After the vampire franchise, neither star has proven a box-office draw
Ever since the lineup of the Cannes Film Festival was announced last month, gossip sites have been salivating over an unlikely scenario: a red carpet run-in between Robert Pattinson and Kristen Stewart. The “Twilight” co-stars and former off-screen couple both will be in attendance, although they likely won’t be posing for photographs together.
Pattinson arrives on the Croisette with a pair of anticipated films: the Hollywood-set drama “Maps to the Stars,” a competition title from his “Cosmopolis” director David Cronenberg; and “The Rover,” a midnight-screening thriller set in a futuristic Australian Outback, and helmed by “Animal Kingdom’s” David Michod.
Stewart appears as a supporting character in the Olivier Assayas drama “Clouds of Sils Maria” (playing in competition); has a market screening of “Camp X-Ray,” about a guard at Guantanamo Bay who strikes an unexpected friendship with a prisoner; and is attached to the project “Equals,” a sci-fi love story with an ambitiously crafted premise from “Like Crazy” director Drake Doremus, which will be shopping for a North American distribution deal. “What really stood out about her is that she’s really willing to put herself out there and take risks and want to grow,” Doremus says.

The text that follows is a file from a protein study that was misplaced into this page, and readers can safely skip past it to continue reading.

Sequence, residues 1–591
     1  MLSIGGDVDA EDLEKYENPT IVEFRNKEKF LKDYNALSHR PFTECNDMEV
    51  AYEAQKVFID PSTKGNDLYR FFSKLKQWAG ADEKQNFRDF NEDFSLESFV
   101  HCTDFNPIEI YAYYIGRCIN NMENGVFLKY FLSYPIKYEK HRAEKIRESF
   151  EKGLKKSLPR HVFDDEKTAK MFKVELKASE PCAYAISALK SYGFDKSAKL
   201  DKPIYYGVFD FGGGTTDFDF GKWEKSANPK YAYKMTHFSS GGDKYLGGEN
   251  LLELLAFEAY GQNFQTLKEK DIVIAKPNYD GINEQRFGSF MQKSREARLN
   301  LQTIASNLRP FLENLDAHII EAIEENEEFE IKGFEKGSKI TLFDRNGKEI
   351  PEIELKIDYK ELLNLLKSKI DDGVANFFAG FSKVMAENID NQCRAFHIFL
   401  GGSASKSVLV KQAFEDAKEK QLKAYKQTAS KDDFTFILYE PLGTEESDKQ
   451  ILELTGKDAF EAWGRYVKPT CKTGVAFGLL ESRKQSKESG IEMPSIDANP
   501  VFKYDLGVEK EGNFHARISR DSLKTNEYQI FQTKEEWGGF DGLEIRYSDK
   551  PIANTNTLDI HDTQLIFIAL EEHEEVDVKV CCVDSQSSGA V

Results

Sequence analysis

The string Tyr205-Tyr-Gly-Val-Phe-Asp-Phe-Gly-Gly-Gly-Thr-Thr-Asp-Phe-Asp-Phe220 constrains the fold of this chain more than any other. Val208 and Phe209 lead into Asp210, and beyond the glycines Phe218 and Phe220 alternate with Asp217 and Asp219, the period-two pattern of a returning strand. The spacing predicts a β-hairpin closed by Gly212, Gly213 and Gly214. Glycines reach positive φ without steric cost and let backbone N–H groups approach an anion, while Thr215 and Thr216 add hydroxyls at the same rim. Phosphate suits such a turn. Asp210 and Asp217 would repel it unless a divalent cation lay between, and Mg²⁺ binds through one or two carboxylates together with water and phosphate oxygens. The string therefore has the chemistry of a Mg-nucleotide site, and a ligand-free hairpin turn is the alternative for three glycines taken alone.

It’s been nearly six years since the actors delivered their star-making turns as Edward and Bella in “Twilight,” a franchise based on the Stephenie Meyer book series that paved the way for a new wave of girl-power actioners on the bigscreen with the likes of “The Hunger Games” and “Divergent.” While the five “Twilight” films amassed $3.3 billion in worldwide ticket sales, they also have posed a career-challenging quagmire for their young stars, Pattinson and Stewart, as well as co-stars, Taylor Lautner and Kellan Lutz.
Post-“Twilight,” Stewart has scored only one bona fide box office hit — 2012’s “Snow White and the Huntsman,” which grossed $397 million worldwide — but stumbled with a string of underperforming indies, including “On the Road,” “The Runaways” and “Welcome to the Rileys.”
Pattinson’s last two films, 2012’s “Cosmopolis” and “Bel Ami,” each made less than $1 million domestically.
“It kind of reflects their personalities,” says Keith Simanton, the managing editor of IMDb. “Stewart had the off-‘Twilight’ hit ‘Snow White.’ When she tries to hew closer to Pattinson’s way of thinking, which is, ‘I want to be in movies that might be really difficult for me and scare me,’ she ends up with the same box office as him.”
Lautner, who tried to make a run as an action-movie star, bombed with 2011’s “Abduction.” And Lutz didn’t fare much better with the campy dud “The Legend of Hercules,” which grossed less than $20 million domestically.
Only Anna Kendrick, who played the gossipy high school student in the “Twilight” films, has a varied resume, including “Pitch Perfect,” “End of Watch,” “50/50” and “Up in the Air,” which has found the right balance of artistic credibility and commercial success.
She’s a good example of what the rest of the class at Forks High School should aspire to be when they grow up.